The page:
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Open Access High Mortality in a Large-scale Zebrafish Colony (Brachydanio rerio Hamilton & Buchanan, 1822) Associated with Lecythophora mutabilis (van Beyma) W. Gams & McGinnis

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Zebrafish (Brachydanio rerio) have become an important model system for studying vertebrate embryonic development and gene function through manipulation of genotype and characterization of resultant phenotypes. An established research zebrafish colony without substantial disease problems for more than 7 years of operation began experiencing appreciable mortalities in November of 1997. Young fish (fry), from five to 24 days after hatching, spontaneously developed elongate strands of organic material protruding from the mouth, operculum, and anal pore, leading workers in the laboratory to describe the infected fish as “bearded.” Unlike typical freshwater fish fungal infections, the skin surface did not have evidence of fungal colonization. The disease was associated with progressive lethargy, reduced feeding, and subsequent mortality. From 10 to 100% of the fry in a given tank were affected. Initial examination indicated that the biofilm around the head of affected fry consisted of bundles of septate fungal hyphae, large numbers of mixed bacterial populations, and protozoans. Environmental samples of air and water in the laboratory were obtained to ascertain the source of the infective agent and to isolate and identify the fungus. A fungus identified as Lecythophora mutabilis was isolated repeatedly from infected fish and water samples from infected fish tanks, and from the main laboratory water supply tanks, but not from laboratory air. Some biofilm beards on fish were found to consist of relatively pure bacterial populations, and beards on occasional fish examined in the later part of the study consisted of hyphae and spores of the oomycete genus Aphanomyces. Lecythophora mutabilis did not invade tissues; however, elimination of the epizootic correlated with reduction in the number of L. mutabilis conidia in the water following modification of the laboratory water system by use of new filtration and sterilization systems. We conclude that the dense hyphal strands of L. mutabilis composing the predominant biofilm type, along with mixed bacteria and protozoa, contributed to the die-off in young fry by occluding the oral cavity and/or gills, leading to starvation and/or asphyxiation.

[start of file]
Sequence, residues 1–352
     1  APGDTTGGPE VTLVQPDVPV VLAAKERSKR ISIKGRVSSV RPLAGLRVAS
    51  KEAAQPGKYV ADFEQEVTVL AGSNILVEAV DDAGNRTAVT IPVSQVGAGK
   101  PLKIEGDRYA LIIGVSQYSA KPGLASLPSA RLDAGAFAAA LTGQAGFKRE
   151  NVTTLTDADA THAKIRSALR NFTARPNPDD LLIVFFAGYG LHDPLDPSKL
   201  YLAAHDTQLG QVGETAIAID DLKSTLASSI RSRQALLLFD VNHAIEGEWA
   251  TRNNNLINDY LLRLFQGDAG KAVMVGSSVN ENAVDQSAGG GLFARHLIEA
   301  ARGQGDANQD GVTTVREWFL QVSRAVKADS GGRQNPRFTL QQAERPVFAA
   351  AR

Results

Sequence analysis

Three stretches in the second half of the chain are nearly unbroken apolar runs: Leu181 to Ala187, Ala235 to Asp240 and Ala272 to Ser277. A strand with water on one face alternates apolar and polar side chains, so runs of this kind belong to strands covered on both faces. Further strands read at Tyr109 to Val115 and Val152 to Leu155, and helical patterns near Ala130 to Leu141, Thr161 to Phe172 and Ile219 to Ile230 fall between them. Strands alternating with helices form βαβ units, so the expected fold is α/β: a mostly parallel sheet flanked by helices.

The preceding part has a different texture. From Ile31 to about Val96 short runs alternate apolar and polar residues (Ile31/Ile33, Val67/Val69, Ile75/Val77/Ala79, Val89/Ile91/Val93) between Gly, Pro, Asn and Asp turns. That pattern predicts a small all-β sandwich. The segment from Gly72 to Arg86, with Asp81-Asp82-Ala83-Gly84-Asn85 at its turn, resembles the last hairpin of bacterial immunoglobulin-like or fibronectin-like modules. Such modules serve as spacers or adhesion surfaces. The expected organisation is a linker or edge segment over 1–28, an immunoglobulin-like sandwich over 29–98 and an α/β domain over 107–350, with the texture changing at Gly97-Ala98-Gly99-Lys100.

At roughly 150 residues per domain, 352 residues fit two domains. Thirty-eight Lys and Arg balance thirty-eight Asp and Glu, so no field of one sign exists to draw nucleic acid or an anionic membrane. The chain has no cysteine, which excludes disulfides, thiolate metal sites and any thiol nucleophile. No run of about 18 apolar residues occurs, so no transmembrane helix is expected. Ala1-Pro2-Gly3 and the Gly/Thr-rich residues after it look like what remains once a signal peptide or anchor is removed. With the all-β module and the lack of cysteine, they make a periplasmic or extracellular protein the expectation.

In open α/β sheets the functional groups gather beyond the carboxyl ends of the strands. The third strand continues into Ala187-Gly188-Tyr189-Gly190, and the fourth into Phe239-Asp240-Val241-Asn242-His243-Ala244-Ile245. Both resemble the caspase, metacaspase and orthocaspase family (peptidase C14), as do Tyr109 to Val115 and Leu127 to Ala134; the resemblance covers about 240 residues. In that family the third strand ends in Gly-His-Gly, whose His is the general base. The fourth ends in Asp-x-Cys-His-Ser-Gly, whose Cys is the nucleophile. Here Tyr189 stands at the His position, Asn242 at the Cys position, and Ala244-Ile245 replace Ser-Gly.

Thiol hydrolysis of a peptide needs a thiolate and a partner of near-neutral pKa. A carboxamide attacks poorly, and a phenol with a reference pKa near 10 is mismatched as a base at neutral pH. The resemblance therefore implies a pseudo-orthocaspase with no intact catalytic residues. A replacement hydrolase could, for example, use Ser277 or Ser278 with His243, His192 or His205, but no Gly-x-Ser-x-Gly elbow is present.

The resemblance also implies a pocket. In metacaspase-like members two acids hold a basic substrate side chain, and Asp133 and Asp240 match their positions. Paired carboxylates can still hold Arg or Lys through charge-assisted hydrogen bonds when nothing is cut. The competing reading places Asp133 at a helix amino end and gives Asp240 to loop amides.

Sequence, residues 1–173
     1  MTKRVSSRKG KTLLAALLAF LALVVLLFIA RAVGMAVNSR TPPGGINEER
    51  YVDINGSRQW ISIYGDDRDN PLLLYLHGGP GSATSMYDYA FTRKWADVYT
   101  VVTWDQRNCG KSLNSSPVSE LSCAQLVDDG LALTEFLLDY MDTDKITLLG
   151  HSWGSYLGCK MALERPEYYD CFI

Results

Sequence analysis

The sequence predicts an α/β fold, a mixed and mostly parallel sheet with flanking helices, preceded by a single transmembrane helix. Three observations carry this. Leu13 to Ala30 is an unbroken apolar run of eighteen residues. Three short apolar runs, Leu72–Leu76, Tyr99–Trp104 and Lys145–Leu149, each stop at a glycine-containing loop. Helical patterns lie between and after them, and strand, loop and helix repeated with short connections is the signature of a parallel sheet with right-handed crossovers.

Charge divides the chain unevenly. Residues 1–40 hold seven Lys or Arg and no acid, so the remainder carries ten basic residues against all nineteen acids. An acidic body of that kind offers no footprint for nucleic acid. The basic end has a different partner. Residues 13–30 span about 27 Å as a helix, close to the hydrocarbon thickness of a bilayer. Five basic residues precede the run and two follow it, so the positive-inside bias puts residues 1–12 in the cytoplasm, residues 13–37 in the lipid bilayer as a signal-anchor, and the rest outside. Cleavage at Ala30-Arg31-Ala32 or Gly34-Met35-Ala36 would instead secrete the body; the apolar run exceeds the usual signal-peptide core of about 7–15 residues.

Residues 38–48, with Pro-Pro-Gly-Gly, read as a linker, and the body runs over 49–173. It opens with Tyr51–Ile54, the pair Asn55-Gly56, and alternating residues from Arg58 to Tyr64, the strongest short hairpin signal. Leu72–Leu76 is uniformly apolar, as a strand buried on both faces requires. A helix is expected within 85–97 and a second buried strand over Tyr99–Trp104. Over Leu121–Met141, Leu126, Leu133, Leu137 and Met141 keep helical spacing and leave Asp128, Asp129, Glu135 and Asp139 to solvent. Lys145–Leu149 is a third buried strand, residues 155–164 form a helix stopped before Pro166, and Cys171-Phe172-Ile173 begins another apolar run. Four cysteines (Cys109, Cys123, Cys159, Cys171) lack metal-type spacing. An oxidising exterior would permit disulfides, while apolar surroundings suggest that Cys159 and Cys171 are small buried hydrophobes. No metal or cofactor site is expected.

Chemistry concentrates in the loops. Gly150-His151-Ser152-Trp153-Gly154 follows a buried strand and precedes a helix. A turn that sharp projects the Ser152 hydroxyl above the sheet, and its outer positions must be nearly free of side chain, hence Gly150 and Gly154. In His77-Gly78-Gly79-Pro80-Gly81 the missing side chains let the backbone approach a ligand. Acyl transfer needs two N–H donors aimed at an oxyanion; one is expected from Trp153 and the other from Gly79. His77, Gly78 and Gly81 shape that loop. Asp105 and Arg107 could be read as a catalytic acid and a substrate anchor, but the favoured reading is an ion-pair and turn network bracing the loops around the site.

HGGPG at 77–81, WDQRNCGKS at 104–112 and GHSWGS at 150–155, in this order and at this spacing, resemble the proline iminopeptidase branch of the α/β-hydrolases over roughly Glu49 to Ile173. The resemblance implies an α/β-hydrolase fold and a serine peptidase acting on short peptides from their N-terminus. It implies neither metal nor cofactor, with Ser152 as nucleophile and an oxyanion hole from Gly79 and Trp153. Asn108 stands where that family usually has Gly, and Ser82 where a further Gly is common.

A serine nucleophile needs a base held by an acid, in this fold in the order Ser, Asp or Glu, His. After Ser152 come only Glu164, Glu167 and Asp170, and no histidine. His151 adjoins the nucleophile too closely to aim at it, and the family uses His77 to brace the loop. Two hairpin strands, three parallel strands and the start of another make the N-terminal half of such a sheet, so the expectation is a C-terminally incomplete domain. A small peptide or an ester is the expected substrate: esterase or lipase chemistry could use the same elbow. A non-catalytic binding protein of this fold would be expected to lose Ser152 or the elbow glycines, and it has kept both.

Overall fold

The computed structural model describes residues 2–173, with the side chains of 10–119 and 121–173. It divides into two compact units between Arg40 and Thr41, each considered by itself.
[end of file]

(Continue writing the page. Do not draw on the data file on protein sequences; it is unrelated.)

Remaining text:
Document Type: Research Article

Affiliations: 1: Microbiology, Pathology and Parasitology Department, College of Veterinary Medicine, North Carolina State University, Raleigh, North Carolina 27606 2: Division of Comparative Medicine, Massachusetts Institute of Technology, Cambridge, Massachusetts 02139 3: Center for Applied Aquaculture, The Oceanic Institute, Waimanalo, Hawaii 96795 4: Center for Cancer Research, Massachusetts Institute of Technology, Cambridge, Massachusetts 02139 5: University of Alberta Microfungus Collection and Herbarium, Devonian Botanic Garden, University of Alberta, Edmonton AB T6G 2E1, Alberta, Canada 6: Fungus Testing Laboratory, Pathology Department, University of Texas Health Science Center at San Antonio, San Antonio, Texas 78284 7: Medical Mycology Research Center, School of Medicine, The University of Texas Medical Branch at Galveston, Galveston, Texas 77555

Publication date: 2001-08-01

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  • Comparative Medicine (CM), an international journal of comparative and experimental medicine, is the leading English-language publication in the field and is ranked by the Science Citation Index in the upper third of all scientific journals. The mission of CM is to disseminate high-quality, peer-reviewed information that expands biomedical knowledge and promotes human and animal health through the study of laboratory animal disease, animal models of disease, and basic biologic mechanisms related to disease in people and animals.

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